Animal Bites
Animal Bites

 

Animal Bites

 

by Dr. Hazel Gallardo-Paez

 

*Credit to: coastvietnam.com

 

Vietnam, as with many other countries in Asia, has low dog vaccination coverage, poor animal control programs, and high post-exposure prophylaxis (PEP) usage. In the last decade, Vietnam reported a total of 914 human deaths from animal bites—averaging about 91 deaths each year. Studies show that vaccinating 7 out of 10 dogs in the dog population is sufficient to effectively protect people in the community. In partnership with several countries in the region, the Vietnamese government has been committed to achieving the ambitious goal of eliminating canine rabies by 2020.

 

 

  Significant numbers of travellers come to the clinic each year due to animal bites. It is important to be aware that attacks by domestic animals are far more common than those by wildlife, and that secondary infections in bite wounds can result in serious illness or death.

 

  Bites from certain mammals frequently encountered during travel abroad (such as dogs, cats, monkeys and bats) can present a serious risk of infection. These animals’ saliva can be so heavily contaminated with pathogens that a bite may not even be necessary to cause infection if saliva enters a preexisting cut, scratch or mucosal membrane.

 

Dog and Cat Bites?

  Most cases of rabies in humans occur because of bites from stray dogs and cats. Keep in mind that rabies infections in dogs and cats may be difficult to detect, particularly during the early onset of symptoms. Rabies also cannot be definitively diagnosed in a live animal. To further decrease the risk of exposure to rabies, unfamiliar dogs should be avoided, and travelers should avoid the temptation to adopt a stray dog from abroad.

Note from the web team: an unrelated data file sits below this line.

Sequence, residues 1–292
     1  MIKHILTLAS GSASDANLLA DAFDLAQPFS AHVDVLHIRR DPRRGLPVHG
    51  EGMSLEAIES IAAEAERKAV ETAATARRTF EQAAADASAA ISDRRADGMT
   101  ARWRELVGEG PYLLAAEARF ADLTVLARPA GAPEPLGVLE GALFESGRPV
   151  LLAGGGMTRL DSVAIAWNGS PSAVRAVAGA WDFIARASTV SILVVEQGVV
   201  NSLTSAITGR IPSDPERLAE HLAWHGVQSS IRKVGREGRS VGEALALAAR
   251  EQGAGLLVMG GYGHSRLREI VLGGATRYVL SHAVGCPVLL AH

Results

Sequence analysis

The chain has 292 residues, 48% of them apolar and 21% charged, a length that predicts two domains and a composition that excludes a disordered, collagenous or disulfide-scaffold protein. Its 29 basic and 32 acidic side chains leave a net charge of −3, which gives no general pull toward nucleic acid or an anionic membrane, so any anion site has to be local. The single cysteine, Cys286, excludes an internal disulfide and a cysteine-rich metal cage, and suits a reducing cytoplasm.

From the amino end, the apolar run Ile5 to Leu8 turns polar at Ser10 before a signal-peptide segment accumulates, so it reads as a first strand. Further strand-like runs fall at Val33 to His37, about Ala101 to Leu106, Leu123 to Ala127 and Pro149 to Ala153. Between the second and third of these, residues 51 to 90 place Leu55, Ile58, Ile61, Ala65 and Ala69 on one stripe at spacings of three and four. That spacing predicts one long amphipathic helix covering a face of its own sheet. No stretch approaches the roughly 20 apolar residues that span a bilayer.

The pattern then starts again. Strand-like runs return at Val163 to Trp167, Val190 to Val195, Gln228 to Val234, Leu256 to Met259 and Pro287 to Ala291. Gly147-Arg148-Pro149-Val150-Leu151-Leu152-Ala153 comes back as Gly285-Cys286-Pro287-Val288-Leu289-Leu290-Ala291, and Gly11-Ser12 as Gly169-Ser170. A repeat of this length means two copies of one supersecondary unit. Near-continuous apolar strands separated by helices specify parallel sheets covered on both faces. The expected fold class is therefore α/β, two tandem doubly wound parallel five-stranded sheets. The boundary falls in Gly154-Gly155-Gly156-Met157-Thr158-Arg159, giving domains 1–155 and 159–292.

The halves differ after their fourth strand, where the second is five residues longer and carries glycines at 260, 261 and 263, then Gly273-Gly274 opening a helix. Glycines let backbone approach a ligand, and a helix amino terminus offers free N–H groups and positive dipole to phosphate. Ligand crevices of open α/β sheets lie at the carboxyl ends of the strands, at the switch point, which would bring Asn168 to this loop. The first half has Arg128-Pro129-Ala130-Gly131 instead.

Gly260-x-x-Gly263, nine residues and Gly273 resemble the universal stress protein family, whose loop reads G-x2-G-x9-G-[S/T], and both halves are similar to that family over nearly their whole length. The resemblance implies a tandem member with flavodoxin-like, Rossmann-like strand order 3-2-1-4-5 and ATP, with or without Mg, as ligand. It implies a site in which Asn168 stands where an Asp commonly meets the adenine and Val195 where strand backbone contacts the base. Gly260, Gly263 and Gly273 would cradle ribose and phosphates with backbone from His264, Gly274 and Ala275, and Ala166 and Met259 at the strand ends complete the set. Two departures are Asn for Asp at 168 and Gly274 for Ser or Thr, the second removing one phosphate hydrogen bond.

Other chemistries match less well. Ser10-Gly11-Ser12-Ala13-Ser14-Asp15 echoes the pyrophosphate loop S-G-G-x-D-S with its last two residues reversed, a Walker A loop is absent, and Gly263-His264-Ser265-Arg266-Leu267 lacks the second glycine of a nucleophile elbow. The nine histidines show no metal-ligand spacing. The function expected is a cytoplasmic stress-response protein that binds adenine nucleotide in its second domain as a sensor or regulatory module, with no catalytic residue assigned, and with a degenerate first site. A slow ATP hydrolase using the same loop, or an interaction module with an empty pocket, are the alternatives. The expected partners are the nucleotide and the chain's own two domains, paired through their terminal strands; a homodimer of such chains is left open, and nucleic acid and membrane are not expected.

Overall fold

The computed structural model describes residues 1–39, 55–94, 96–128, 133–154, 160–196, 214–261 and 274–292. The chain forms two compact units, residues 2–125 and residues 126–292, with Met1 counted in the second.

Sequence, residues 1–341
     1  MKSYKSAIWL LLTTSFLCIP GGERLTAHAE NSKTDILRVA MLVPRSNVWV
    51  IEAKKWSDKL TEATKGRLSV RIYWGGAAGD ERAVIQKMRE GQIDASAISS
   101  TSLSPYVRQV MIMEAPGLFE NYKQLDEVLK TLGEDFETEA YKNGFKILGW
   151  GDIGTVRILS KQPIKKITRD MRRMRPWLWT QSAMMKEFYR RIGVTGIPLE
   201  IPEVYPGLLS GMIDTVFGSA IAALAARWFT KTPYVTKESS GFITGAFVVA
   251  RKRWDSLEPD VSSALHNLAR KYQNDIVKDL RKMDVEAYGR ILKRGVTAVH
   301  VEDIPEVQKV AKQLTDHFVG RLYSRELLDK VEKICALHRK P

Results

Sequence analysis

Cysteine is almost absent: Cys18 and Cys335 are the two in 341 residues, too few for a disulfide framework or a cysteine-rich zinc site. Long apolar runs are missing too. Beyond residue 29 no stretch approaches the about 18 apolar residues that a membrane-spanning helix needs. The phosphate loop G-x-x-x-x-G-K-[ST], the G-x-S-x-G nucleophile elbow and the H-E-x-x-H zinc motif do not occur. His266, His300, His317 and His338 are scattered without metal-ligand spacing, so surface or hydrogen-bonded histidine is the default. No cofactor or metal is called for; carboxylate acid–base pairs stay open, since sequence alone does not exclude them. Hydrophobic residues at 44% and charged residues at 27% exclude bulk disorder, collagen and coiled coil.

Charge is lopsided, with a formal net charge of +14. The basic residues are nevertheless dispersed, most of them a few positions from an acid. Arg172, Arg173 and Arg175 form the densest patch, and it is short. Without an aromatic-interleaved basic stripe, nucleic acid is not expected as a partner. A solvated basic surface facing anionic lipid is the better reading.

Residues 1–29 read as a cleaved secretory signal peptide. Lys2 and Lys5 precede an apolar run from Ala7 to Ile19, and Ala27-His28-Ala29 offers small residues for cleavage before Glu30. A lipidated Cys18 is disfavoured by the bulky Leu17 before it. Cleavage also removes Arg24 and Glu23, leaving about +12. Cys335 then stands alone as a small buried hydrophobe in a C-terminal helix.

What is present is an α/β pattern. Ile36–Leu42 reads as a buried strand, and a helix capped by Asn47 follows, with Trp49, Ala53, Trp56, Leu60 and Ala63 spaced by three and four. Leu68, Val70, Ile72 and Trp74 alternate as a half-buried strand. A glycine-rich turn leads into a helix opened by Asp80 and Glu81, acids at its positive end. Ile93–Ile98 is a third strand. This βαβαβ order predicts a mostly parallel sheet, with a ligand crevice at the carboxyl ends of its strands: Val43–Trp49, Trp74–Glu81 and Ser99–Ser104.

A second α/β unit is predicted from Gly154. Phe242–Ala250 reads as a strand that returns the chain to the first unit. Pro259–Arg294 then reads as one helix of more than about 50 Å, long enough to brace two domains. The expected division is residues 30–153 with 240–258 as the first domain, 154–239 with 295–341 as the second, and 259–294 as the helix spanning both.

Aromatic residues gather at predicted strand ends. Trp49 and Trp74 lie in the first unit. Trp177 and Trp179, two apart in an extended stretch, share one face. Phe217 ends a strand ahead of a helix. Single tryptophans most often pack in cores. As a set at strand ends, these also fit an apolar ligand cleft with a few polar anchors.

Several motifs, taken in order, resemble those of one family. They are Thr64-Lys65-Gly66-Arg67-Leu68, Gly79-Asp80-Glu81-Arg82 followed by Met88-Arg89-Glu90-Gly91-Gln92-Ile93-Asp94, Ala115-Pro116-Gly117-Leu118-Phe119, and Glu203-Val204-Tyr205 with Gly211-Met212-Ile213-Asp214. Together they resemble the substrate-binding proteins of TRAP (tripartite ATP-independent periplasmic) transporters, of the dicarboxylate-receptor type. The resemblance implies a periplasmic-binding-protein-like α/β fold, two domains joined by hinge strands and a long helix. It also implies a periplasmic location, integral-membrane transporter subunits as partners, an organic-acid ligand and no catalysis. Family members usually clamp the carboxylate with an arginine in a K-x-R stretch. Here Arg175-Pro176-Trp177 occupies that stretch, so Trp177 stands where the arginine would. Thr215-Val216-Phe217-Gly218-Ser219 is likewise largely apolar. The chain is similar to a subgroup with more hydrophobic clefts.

People who are bitten or scratched by dogs or cats should promptly clean the wound and seek medical care.People who are bitten or scratched by dogs or cats should promptly clean the wound and seek medical care.

 

Monkey Bites?

  After dog and cat bites, there are also numerous cases of people being bitten by a monkey during a visit to the famous “Monkey Mountain”. These bites or scratches can transmit rabies as well as the herpes B virus.

 

  After a monkey bite or scratch, travelers are advised to thoroughly clean the wound and seek medical care immediately to be evaluated for possible rabies and herpes B PEP. Macaque bites especially can transmit herpes B virus, a virus related to the herpes simplex viruses.

 

Bats?

  For the more adventurous travellers, bats may be encountered in caves or wilderness parks/forests. Bats, whether sick or healthy, may bite if they are handled. Any suspected or documented bite or scratch from a bat anywhere in the world should be considered a rabies risk. Any bat that is active by day, is found where bats are not usually seen, or is unable to fly is far more likely to be rabid. People may not notice that they have been bitten by a bat, as most bats have tiny teeth, and not all wounds are apparent. Furthermore, because bat bites rarely cause much trauma, people may ignore the bite and not seek care.

 

  Travellers should seek medical advice even in the absence of an obvious bite wound if they wake up to find a bat in the room or see a bat in the room of an unattended child or other person who could not reliably report a bite, and they should be evaluated for rabies PEP.